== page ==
Updated: Apr 26, 2021
I do occasionally love over the top spicy foods, and in that category stuffed fried chilli fritters rank all the way on the top. I only order these at restaurants because they are usually deep fried, and I refuse to deep fry anything at home. Here is a recipe that is pan sautéed, delicious, and spicy!
This Rajasthani recipe is stuffed with spicy mashed potatoes and lightly coated in a batter. The flavor of the green chilies washes across your palate followed by spices and heat, in my case lots of heat. I used a variety of green chilies that are local to the region, they are small and have a medium to hot heat. Together with the tangy and creamy potato stuffing these peppers are wonderful. You can also use fresh Anaheim, Hungarian peppers, or any large chilli that has soft skin, is medium to spicy hot and easy to stuff. Please adjust the potato stuffing quantities depending on the variety of chilies you are using. This vegetarian cookbook by Pushpesh Pant is a follow up to his tome on Indian cooking. It is packed with fabulous recipes with both common and unusual vegetables. The recipes are a step up from those found in most common cookbooks. This is a cookbook I highly recommend for those who have lots of parties and want to step up their cooking game.
For more wonderful recipes from this cookbook, click here.
For the chilies:
10-12 green chilies, depending on size
1-2 tablespoons mustard oil
A pinch asafoetida
1/4 teaspoon cumin seeds
1/4 teaspoon caraway (ajwain) seeds
2 tablespoons chickpea flour (besan)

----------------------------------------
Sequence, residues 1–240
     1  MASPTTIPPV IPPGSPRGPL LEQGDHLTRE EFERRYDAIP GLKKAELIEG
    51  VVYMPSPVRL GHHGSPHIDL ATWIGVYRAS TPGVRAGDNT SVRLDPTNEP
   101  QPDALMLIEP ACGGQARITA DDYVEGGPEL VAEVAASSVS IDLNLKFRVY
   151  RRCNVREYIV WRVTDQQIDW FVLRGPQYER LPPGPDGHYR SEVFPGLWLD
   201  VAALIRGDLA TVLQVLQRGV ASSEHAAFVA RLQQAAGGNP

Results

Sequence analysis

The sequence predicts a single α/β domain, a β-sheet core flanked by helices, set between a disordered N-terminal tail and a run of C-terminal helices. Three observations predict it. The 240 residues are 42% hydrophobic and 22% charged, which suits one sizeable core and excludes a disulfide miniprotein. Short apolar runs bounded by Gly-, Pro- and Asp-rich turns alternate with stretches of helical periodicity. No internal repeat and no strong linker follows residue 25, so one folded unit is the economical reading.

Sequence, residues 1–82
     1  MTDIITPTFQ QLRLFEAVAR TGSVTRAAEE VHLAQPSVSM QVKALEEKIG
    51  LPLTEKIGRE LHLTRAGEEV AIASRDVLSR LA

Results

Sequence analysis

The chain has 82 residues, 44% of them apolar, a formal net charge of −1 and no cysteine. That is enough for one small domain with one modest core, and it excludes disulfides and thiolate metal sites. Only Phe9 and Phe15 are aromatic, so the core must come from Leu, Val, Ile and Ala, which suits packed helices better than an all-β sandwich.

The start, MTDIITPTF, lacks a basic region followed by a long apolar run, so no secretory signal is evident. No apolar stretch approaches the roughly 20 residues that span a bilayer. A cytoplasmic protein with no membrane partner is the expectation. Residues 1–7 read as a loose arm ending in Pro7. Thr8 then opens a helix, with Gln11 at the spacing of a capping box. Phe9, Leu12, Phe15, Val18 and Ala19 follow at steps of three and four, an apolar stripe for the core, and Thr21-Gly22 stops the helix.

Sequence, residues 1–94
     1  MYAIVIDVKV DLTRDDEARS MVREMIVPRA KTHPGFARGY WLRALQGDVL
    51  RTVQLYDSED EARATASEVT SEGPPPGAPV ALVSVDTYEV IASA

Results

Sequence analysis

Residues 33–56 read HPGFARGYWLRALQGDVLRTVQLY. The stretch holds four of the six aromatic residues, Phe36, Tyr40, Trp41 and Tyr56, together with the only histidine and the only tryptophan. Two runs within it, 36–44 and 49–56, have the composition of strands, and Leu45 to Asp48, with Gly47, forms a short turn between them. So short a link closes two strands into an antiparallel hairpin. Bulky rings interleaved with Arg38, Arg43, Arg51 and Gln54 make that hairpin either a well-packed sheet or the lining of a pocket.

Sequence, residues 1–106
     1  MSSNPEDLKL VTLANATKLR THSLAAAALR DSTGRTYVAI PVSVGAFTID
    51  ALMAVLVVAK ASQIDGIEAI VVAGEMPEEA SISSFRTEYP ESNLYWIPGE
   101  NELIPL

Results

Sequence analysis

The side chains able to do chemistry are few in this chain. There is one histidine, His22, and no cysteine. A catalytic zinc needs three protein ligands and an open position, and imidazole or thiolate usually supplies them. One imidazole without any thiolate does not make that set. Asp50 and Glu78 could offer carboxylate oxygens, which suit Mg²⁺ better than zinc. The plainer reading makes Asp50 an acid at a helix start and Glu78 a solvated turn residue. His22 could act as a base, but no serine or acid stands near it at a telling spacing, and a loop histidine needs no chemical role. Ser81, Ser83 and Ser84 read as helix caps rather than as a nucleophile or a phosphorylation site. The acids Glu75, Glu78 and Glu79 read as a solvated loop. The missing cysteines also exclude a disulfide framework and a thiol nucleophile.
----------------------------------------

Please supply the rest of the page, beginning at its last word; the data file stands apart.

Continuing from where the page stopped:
Salt, to taste
For the potato stuffing:
2-3 medium potatoes, boiled and mashed, based on the size of the chilies
1 teaspoon ground fennel seed
1/2 teaspoon ground coriander seed
1/2 teaspoon ground cumin seed
1/2 teaspoon dried mango powder (aamchoor)
1/4 teaspoon garam masala
1/4 teaspoon Kashmiri chili powder, or red chili powder, or to taste
1 teaspoon cilantro, finely minced
To make the stuffing:
Make sure the potatoes are well mashed and smooth. Mix all the ingredients together and taste. Adjust chili (I like it spicy), salt, sour (mango powder) and other spices to your liking. You want a very thick mix, so avoid any water from the boiled potatoes. Set aside.
To stuff the chilies:
Depending on the size of chilies, you can either slice them vertically to the base of the chili (for the smaller chilies), or make a slit in them (for the larger chilies. You can choose to remove the seeds and ribs if you want a milder dish.
Using your hands, stuff the potato mix into the chilies, filling them as much as you can. A bit of overflow is a good thing
In a wide shallow pan that will fit all the chilies comfortably, add the mustard oil and heat on a low flame. I like the mustard oil as it adds a specific flavor to the dish, but in a real pinch you can use any neutral oil. Add the asafoetida, caraway and cumin seeds and stir for 10 seconds. Add the flour and mix well allowing the flour to mix into a smooth liquid into the oil, add more oil of needed, you are essentially making a roux that will coat the chilies.
Add the chilies in one layer and continue to sauté on a low flame. Keep the flame low or you will burn the chickpea roux and not cook the chilies enough. After 3 minutes flip the chilies over to cook the other side, also simultaneously mixing the flour base so it does not burn. Continue cooking and moving the chilies around for another 3-4 minutes till the chilies are soft and the chilies and the roux that has clung to them takes on a light brown color. Remove.
Best served immediately with a sprinkle of lime juice and fresh cilantro.